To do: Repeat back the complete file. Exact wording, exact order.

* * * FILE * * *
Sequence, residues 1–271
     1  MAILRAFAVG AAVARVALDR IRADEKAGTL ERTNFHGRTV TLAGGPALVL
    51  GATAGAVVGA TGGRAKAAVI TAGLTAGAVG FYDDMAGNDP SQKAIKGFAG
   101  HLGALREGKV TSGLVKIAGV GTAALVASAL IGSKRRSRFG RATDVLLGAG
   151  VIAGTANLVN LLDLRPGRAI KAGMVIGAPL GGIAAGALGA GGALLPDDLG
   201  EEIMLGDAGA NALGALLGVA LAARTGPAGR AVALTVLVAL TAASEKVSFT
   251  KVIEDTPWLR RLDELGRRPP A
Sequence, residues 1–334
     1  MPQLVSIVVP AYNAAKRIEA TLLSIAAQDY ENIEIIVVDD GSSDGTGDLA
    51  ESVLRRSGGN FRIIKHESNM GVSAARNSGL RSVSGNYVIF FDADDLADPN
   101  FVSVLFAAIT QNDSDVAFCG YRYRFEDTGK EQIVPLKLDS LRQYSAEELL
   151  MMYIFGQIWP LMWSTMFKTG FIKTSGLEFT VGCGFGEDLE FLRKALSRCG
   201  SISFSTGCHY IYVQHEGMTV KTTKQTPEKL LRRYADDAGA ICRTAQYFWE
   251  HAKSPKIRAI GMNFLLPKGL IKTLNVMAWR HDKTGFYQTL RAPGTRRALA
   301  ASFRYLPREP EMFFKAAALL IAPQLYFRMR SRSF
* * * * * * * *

Sequence, residues 1–271
     1  MAILRAFAVG AAVARVALDR IRADEKAGTL ERTNFHGRTV TLAGGPALVL
    51  GATAGAVVGA TGGRAKAAVI TAGLTAGAVG FYDDMAGNDP SQKAIKGFAG
   101  HLGALREGKV TSGLVKIAGV GTAALVASAL IGSKRRSRFG RATDVLLGAG
   151  VIAGTANLVN LLDLRPGRAI KAGMVIGAPL GGIAAGALGA GGALLPDDLG
   201  EEIMLGDAGA NALGALLGVA LAARTGPAGR AVALTVLVAL TAASEKVSFT
   251  KVIEDTPWLR RLDELGRRPP A
Sequence, residues 1–334
     1  MPQLVSIVVP AYNAAKRIEA TLLSIAAQDY ENIEIIVVDD GSSDGTGDLA
    51  ESVLRRSGGN FRIIKHESNM GVSAARNSGL RSVSGNYVIF FDADDLADPN
   101  FVSVLFAAIT QNDSDVAFCG YRYRFEDTGK EQIVPLKLDS LRQYSAEELL
   151  MMYIFGQIWP LMWSTMFKTG FIKTSGLEFT VGCGFGEDLE FLRKALSRCG
   201  SISFSTGCHY IYVQHEGMTV KTTKQTPEKL LRRYADDAGA ICRTAQYFWE
   251  HAKSPKIRAI GMNFLLPKGL IKTLNVMAWR HDKTGFYQTL RAPGTRRALA
   301  ASFRYLPREP EMFFKAAALL IAPQLYFRMR SRSF